Nintendo Switch Sports Review
Goofy sports minigames are the only good use for motion controls. Nintendo figured this out over 15 years ago, and the lesson holds true today. Nintendo Switch Sports is exactly what it says on the label, for better or for worse. Whether this is worth your time or not depends on what you want out of this game.
Do you want six motion control sports games to play with friends and strangers? If so, come on down! Nintendo Switch Sports is here, baby! You’ve got Volleyball, Soccer, Badminton, Tennis, Bowling, and Chambara to choose from. The downside being that you’ll need to love these games to death in order to get any mileage out of this game. Thankfully, some of them are pretty great.
Swing For The Fences
Volleyball is great because it’s so involved. You’ve got bumps, serves, sets, and spikes to master. You’re also free to focus on these moves, since travelling around the court is handled for you. If you mess up your timing too bad, it can cost you points. There’s some wiggle room in terms of accuracy, but you still face consequences for failure.
Bowling is crazy boring. You just carefully line up your shot and swing. I wouldn’t be at all surprised to see videos of people bowling perfect games within a week of release day. Your shot drifts the same amount more or less every time, which makes it easy to find your rhythm almost immediately. By the end of the match, ten rounds feels too long.
Playing Tennis by yourself gets weird. You’re controlling both halves of a doubles team, which forces you to think fast. Beyond that the matches are pretty straightforward. Your shots supposedly change depending on when you swing your racket. In practice, this is tough to reliably execute. There’s some room for variety, but not as much as you’re hoping for.
Soccer is kind of like playing Rocket League, but everyone’s on foot. So you’re trying desperately to move this enormous ball around, and constantly blowing it. The games have this frantic energy that I really appreciate. Especially after putting time in some of the other, more placid sports. Soccer definitely has a lot of chaos potential. The only downside is that you need both Joy-Cons to play it. Depending on your Joy-Con drift situation, this could be a problem.
Pure Chaos Out There
Badminton is more complex than bowling, but only just so. You’ve got a couple of options for serves and swings, which is nice. The dominant strategy – throttling your serve – will likely get old pretty fast. I got bored of this one after a bare handful of matches, but your mileage may vary.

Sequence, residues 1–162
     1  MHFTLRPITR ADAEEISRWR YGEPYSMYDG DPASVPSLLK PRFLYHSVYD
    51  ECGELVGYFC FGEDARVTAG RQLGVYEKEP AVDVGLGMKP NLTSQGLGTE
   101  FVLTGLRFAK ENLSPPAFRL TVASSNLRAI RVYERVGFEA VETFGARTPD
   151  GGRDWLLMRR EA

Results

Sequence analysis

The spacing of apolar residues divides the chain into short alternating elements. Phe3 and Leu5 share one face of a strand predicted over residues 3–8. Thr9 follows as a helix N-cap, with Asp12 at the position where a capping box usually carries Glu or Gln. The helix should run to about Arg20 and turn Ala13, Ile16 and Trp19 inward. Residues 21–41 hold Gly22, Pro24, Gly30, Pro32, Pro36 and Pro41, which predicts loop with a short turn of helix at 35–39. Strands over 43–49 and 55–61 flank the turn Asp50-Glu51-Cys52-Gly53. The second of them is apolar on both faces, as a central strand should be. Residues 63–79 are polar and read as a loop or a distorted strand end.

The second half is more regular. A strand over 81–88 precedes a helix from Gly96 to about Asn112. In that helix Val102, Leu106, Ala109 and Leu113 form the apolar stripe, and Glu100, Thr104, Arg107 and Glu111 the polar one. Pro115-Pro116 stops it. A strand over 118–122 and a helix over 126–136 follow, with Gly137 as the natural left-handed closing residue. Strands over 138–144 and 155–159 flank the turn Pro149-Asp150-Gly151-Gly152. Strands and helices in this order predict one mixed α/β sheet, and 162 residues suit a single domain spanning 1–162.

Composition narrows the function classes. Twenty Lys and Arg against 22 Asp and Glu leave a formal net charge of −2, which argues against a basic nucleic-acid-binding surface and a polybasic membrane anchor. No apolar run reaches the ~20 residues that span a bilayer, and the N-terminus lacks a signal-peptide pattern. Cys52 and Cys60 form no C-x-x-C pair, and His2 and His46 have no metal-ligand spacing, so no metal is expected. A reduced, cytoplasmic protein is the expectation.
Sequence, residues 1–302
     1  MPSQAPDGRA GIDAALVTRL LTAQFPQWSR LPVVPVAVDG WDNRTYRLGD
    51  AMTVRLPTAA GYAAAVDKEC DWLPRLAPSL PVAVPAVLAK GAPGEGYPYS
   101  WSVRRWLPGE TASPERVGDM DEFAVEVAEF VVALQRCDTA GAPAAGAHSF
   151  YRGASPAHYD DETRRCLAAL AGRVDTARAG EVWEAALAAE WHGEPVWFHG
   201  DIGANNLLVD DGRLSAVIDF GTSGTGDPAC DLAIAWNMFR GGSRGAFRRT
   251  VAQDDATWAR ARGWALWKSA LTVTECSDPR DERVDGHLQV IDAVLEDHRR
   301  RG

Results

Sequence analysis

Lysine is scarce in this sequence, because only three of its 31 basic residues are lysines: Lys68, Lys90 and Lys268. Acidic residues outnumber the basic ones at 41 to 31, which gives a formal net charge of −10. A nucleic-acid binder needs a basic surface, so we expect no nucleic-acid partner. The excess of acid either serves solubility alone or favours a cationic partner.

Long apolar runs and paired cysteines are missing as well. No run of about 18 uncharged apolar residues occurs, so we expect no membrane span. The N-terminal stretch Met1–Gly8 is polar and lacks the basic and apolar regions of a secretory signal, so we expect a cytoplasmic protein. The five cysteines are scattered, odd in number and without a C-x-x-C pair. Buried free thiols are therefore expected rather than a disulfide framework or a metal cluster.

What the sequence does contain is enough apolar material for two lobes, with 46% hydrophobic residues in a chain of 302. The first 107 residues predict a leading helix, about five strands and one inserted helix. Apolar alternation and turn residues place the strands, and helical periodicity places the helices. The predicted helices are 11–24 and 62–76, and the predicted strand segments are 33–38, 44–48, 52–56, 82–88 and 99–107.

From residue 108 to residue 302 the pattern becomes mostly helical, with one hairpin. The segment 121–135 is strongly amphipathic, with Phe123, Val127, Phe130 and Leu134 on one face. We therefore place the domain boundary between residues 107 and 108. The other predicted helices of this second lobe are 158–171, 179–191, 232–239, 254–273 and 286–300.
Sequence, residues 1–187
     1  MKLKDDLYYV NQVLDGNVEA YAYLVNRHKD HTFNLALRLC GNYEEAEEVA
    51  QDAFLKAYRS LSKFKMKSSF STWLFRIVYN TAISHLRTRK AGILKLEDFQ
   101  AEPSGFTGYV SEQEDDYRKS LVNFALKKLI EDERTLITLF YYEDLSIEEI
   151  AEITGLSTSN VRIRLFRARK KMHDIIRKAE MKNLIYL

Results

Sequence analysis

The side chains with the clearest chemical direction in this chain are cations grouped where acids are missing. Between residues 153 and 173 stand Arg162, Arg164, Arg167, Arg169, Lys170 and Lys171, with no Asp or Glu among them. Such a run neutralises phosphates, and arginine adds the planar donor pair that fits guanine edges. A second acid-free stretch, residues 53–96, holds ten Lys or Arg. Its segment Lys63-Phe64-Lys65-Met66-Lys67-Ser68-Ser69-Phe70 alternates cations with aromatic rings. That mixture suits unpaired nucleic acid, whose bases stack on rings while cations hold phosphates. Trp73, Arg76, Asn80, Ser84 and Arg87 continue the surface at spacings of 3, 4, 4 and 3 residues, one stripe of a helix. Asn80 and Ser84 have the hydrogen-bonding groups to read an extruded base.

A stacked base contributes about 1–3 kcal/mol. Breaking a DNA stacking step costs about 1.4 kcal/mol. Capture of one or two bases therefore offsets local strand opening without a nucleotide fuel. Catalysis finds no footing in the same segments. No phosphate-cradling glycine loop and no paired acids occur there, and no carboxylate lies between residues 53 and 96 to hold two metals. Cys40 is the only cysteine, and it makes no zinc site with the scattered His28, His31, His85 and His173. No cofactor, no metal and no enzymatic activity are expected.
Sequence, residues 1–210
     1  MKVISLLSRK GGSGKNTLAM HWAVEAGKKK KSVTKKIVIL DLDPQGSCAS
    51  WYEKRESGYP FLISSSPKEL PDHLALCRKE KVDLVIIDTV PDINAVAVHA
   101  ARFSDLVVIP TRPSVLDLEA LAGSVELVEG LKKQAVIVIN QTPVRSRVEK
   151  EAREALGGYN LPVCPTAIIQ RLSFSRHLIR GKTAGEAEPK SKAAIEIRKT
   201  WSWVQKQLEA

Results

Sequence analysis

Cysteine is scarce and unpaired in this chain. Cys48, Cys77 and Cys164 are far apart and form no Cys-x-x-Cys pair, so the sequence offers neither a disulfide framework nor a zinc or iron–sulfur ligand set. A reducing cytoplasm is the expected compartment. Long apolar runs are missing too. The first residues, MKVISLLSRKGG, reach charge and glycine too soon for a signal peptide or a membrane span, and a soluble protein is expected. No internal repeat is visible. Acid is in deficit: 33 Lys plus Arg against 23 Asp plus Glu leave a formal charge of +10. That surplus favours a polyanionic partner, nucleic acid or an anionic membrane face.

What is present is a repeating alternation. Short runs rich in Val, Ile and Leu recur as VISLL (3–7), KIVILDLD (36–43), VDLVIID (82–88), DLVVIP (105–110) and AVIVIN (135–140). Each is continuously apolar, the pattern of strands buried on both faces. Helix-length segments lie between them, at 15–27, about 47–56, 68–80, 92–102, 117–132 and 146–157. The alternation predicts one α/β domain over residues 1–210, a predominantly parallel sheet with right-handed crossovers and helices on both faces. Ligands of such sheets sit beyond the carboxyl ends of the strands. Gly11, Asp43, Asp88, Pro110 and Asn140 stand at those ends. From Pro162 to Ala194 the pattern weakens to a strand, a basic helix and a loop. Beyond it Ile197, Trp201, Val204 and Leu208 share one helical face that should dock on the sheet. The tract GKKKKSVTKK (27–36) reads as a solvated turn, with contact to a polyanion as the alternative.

Chambara should be so cool! It’s sword fighting, which rules. You’ve got three different styles to choose from, lots of moves to master, and the action is satisfying. The trouble comes when you’re putting all of this into practice. You can just sort of bash your opponent into submission and shove them over the side. If you block successfully it stuns your enemy. Then you bash them until they recover, and repeat. Suddenly they’re in the water, and you win. This game gets big points for high-energy action, if nothing else.
All of these games are great in short bursts. It’s only over repeated play sessions that they start to falter. To that end, your enjoyment is tied to your playstyle. Will you bust out Nintendo Switch Sports whenever friends drop by or log on? Perfect. You’ll get months of use out of this game. But if you lean too hard on these activities all at once, you’ll be burnt out in a couple of days. On the other hand, if you’ve been pining for a return to the glory days of Wii Sports, this game is perfect for you. You can even use the old-school Miis instead of the fancier character templates. Just remember to keep your living room clear of obstacles. All of this swinging around is dangerous, after all.
***A Nintendo Switch code was provided by the publisher***
- Fun in short bursts
- Good variety of games
- Controls are easy to learn
- Games get old fast
- Both Badminton and Tennis?
- Bowling worse than I remember